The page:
What is the spirit?

By George A. Boyd © 2017

Q: What is the spirit? How is this different than the Soul? How does one meditate upon the spirit?

A: The spirit is the essence of love, purity, and devotion within you that you can contact using a specialized form of meditation called Nada Yoga. Groups that teach this mediation call this practice Surat Shabd Yoga, Udgit, movement of inner spiritual awareness, and soul travel.

In our mapping of the Great Continuum of Consciousness, we have identified 12 channels of the Nada, where you can contact the spirit. If you want to know about this, click on the tab on that article that says “Map Three – The Domains of the Individual spirit.” We recommend that you do the practice of Nada Yoga with your spiritual essence in the domain that is contiguous with your Higher Self or Soul.

In Integral meditation, we identify four poles of being.

Pole One contains the Soul and its Path back to its origin. This is your spiritual brain center. When you take this perspective, you see the Soul is on a Path—part of which it has opened, part of which is filled with darkness. At the very end of that Path, you see this inner seed, which is your calling—this represents completion of your Soul’s spiritual evolution in this level of the Continuum.

Pole Two contains your spirit and the channels that connect it with its origin in this domain. Most domains have two channels, but there is one that has only one channel, one that has three channels, and two that have four channels. The spirit opens these channels until it connects with the Divine Light from which it originated. When it reaches this stage, it is said to have reached salvation or spiritual liberation. This is the heart Path: the Path of love and devotion. From this perspective, it looks like your spirit is separated from its Divine Origin: it must open these channels of the Nada to go back there.

Pole Three contains your Soul’s vehicles of consciousness. Most groups that work on this Pole identify with an integration center in the Superconscious mind that we call a nucleus of identity. On this pole, you might tune into your intuitive stream, carry out spiritual ministry, awaken your awareness into this nucleus of identity to gain union with it, or express love to those who are established in this same stage of identification. This is the spiritual spine: each center or chakra along your spiritual spine represents a different vehicle of consciousness. From this perspective, you notice the track in which this nucleus of identity dwells is partially light, and partially dark—on your inner spiritual horizon, you see the form of the Divine from which this nucleus of identity came forth.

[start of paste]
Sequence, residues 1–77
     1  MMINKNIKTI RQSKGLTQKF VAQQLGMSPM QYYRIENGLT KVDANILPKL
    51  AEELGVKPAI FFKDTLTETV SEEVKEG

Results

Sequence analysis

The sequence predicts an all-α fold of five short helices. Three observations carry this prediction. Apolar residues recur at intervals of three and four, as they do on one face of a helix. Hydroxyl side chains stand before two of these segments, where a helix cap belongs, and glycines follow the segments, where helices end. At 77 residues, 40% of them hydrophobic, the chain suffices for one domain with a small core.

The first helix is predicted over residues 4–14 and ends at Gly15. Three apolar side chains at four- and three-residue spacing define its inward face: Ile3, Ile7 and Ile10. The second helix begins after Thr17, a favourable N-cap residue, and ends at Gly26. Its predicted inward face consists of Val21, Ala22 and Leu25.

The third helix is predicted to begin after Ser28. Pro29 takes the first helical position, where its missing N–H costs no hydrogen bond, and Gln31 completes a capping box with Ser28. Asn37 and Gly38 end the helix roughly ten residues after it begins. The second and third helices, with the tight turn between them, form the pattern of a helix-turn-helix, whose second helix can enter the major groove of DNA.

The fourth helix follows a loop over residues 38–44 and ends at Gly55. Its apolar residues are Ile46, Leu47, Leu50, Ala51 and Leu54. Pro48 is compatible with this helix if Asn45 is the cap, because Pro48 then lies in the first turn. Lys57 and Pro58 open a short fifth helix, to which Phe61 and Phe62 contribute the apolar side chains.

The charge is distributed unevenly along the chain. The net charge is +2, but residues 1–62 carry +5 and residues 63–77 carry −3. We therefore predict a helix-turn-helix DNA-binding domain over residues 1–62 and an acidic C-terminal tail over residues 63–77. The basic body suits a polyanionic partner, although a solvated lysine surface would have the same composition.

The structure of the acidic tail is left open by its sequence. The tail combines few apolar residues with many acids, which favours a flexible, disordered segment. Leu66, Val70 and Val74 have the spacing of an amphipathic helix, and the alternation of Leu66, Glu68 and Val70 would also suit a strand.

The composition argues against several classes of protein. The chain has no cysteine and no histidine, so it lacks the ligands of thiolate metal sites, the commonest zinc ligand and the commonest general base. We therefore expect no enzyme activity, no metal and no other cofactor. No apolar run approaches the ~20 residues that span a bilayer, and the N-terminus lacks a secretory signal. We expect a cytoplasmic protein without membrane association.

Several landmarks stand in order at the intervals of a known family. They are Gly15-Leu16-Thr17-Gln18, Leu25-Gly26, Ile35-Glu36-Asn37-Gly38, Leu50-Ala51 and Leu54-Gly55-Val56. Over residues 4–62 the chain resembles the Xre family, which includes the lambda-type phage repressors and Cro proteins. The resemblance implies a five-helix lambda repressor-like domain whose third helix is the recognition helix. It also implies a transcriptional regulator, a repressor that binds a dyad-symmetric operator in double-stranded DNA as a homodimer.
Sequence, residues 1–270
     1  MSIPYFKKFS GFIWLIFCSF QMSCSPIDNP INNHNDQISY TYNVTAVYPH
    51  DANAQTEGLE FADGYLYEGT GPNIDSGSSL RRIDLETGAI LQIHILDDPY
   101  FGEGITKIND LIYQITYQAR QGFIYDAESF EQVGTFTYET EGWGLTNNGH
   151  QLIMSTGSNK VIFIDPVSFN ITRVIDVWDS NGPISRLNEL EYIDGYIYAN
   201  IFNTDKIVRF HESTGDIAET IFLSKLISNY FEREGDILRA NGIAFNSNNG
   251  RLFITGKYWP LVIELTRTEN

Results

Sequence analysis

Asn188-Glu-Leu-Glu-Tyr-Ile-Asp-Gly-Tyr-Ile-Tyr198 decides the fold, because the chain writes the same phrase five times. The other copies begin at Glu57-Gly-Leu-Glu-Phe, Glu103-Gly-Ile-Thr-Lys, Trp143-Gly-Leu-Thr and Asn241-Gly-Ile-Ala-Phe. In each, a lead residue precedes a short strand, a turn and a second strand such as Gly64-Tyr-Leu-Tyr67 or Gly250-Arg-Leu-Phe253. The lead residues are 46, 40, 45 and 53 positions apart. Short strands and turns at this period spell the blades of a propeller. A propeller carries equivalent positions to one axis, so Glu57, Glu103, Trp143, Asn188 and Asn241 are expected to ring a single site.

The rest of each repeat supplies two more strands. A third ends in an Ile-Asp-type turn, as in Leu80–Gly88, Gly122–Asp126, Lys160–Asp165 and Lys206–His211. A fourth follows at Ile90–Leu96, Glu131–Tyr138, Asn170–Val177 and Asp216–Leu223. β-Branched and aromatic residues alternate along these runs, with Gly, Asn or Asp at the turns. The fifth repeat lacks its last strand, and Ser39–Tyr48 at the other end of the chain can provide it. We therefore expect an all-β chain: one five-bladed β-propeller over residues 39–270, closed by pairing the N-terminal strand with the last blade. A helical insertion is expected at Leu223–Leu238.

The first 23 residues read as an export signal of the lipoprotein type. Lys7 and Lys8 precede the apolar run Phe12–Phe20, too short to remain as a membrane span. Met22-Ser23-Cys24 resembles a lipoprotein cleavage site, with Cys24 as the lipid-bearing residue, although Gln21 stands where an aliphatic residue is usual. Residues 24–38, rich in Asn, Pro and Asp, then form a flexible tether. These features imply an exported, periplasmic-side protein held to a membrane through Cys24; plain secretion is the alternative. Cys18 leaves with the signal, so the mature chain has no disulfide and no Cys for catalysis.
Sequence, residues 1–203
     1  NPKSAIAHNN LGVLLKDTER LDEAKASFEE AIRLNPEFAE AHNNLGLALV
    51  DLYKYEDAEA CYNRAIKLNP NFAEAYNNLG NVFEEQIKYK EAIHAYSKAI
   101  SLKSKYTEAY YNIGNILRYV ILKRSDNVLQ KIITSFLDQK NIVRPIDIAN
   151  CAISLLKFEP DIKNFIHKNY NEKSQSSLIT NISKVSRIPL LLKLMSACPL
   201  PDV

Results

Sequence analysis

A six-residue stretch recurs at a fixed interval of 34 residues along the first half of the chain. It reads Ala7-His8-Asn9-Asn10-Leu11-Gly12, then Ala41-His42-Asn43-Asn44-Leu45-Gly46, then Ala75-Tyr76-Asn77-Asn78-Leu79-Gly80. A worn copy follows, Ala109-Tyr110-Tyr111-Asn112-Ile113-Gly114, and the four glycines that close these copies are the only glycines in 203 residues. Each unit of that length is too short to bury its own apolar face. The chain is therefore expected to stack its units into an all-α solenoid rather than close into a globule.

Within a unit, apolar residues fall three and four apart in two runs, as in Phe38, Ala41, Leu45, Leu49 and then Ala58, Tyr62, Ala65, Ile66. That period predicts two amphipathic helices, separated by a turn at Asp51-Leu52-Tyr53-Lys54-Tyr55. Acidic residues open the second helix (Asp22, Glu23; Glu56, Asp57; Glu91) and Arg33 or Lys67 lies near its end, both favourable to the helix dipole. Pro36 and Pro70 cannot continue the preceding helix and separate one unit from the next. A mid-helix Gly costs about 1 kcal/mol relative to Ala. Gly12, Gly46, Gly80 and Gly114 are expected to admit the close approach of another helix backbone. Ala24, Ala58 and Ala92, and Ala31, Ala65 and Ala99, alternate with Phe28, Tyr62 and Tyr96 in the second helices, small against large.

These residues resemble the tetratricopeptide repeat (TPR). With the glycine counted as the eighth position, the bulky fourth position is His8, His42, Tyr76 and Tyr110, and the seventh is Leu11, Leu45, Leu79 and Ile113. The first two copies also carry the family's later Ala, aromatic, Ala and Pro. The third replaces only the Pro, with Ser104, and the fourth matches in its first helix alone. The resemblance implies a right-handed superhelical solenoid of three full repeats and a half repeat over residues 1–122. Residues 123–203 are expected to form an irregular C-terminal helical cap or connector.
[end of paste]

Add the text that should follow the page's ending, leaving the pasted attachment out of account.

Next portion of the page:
Pole Four contains your embodied life and its witness—your attention and your attentional principle. Your attentional principle is the aspect of you that is conscious and expresses through intention. Embodied life includes the vehicles of the personality, and the personal integration centers that control them—your ego and your Self. Your attention and the attentional principle are the keys to focusing upon the other three Poles and activating them. This is the “Third Eye” Path. From this perspective, there is a thread of consciousness that runs through every vehicle of consciousness along which your attention travels. You encounter your attentional principle, and travel with your attention conjoined with this conscious essence through the entire Continuum of Consciousness. This is the perspective that you see in the map of the Continuum of Consciousness, which encompasses every level of your mind—Conscious, Subconscious, Metaconscious, and Superconscious.

So, you will need to move your attention to Pole One to experience your Soul, and Pole Two to experience your spirit. We teach the methods for doing focusing your attention on the spiritual essences of Pole One and Pole Two in our intermediate classes, the in-person Mudrashram® Master Course in Meditation and the by-mail and online Accelerated Meditation Program.

To know what your spirit is, you have to know where to focus on it and how to activate it. This is not a theory; it’s an experience. We show you how to do this in the Nada Yoga module of our intermediate courses.

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